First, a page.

SAN JOSE — The dressing room stall is empty, save for a few rolls of stick tape. Located to the right of forward Timo Meier, two stalls down from franchise legend Joe Thornton, it used to be were San Jose Sharks captain Joe Pavelski would hang his gear after practice. Another player will take it over this season. But at the start of 2019-20 training camp, it’s a shrine to Pavelski, and a visual reminder of the void his departure as a free agent leaves on this team and its players.
Sharks center Logan Couture texted Pavelski as he traveled to their practice facility on Friday, writing: “It’s going to be weird going to the rink and not seeing you there.”
Couture entered the NHL in 2009-10. Pavelski had been a part of every training camp in which he’s participated.
“The s—ty part of professional sports is when friends move on,” said Couture, who was named Pavelski’s successor as captain this week. “It’s not going to be the same [here].”
Pavelski, 35, signed with the Dallas Stars after failing to come to an agreement on money or term with the Sharks. Economically speaking, the move wasn’t shocking. His deal carried a cap hit of $7 million annually for three years. San Jose currently has less than $3 million in cap space, after an offseason that saw them sign defenseman Erik Karlsson (8 years, $92 million) and Meier (4 years, $24 million) to significant new deals.
Culturally speaking, this is a new era for the San Jose Sharks: the post-Pavelski era. He arrived in 2006-07 and played 963 games for them, scoring 355 goals. His reputation as a win at all costs player, especially in the postseason, cemented his reputation as one of the dressing room’s most important leaders. Look no further than last postseason: There was a puck off his mouth early in the first round that cost him teeth; the horrific concussion he suffered when his head bounced off the ice in Game 7 against the Vegas Golden Knights in the second round; the reaggravation of a knee injury on a hit by St. Louis defenseman Alex Pietrangelo in Game 5 of the Western Conference finals; and hand surgery he had during the playoffs as well.
Given that history, it was hard to imagine the Sharks without Pavelski. After the Blues eliminated them in the conference final, Pavelski seemed convinced he’d remain with San Jose, too. “I’m pretty confident. I have a pretty strong belief system is that I’ll be back here. It’s not about dotting the I’s yet. But we love it here. I’m sure things will move along,” he said.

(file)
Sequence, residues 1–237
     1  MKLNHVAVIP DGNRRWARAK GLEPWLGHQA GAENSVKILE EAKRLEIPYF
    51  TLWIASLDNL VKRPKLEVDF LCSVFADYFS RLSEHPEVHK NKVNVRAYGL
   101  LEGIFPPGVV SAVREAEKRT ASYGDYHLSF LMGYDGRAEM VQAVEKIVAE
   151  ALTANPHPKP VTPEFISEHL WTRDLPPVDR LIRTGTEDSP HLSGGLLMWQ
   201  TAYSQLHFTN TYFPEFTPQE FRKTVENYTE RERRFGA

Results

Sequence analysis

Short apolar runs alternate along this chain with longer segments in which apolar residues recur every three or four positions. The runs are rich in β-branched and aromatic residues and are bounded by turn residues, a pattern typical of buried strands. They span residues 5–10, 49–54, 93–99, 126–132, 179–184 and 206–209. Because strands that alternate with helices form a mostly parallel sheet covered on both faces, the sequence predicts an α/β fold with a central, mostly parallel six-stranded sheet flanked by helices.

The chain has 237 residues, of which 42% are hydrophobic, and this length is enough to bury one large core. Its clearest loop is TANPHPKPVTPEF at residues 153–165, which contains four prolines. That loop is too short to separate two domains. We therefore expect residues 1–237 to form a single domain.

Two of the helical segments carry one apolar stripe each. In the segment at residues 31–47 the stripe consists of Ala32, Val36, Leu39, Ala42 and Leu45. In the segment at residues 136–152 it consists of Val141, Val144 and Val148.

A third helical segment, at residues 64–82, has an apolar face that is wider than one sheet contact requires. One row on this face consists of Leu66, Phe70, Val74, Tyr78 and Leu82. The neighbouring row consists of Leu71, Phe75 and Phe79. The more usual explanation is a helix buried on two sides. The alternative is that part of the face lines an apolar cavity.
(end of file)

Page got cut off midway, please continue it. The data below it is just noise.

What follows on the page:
“This is the 14th training camp I’m going through. I haven’t found any secrets in the first 13,” joked Pavelski at Stars camp. “It’s different. It’s fun. I think you come in here and you embrace that there will be different things. You learn to do it their way and try and help add to that how you can.”
Pavelski may not have any secrets to offer, but he left a mark in San Jose.
“He was always here, forever,” said Sharks forward Tomas Hertl. “Especially for me, all six of my years. It for sure sucks. He was a great friend to me. He helped me a lot, and spent time with him on the ice and off the ice. It’s tough.”
But the message post-Pavelski is one of opportunity.
“Losing Pavs is a big hole to fill. With the way he played, and how established he was in this room,” said Karlsson. “Someone else is going to have to do his job, and that’s a workload that’ll be shared by a lot of people in this room during the course of the year. We have to adapt to the players we have in this room now, and not look at what we’re missing.”
For coach Pete DeBoer, the challenge is filling the leadership void left by Pavelski with the core of players the Sharks return this season.
“Pav played a huge role with our team, with our group, but also with me. Naming him captain was one of the first things I did when I was a coach here. Not having him here is different,” said DeBoer. “At the same time, that’s the NHL. I went to a Stanley Cup Final in New Jersey, and lost Zach Parise and Ilya Kovalchuk over the next 12-18 months. It’s unfortunate, but that’s how this business goes. But the good news here we have a big core of leadership guys, and guys that have grown up in this organization.”
The Sharks named four alternate captains this week in Hertl, Karlsson, Hertl and Brent Burns. Couture was named captain.
“I think it’s going to be great,” said Thornton of Couture’s captaincy. “I’ve played a long time with him. I’ve seen him grow. I’ve seen him mature. I’m super proud of him.”
Couture said he missed a call from the Sharks’ former captain on the eve of camp, but that he had been in communication with Pavelski. “I talked to him a bunch through the summer. He was great keeping a few of us in the loop about what his plans were and what was going on in his life,” said Couture.
“We miss him here. But he’s happy. And we’re happy for him.”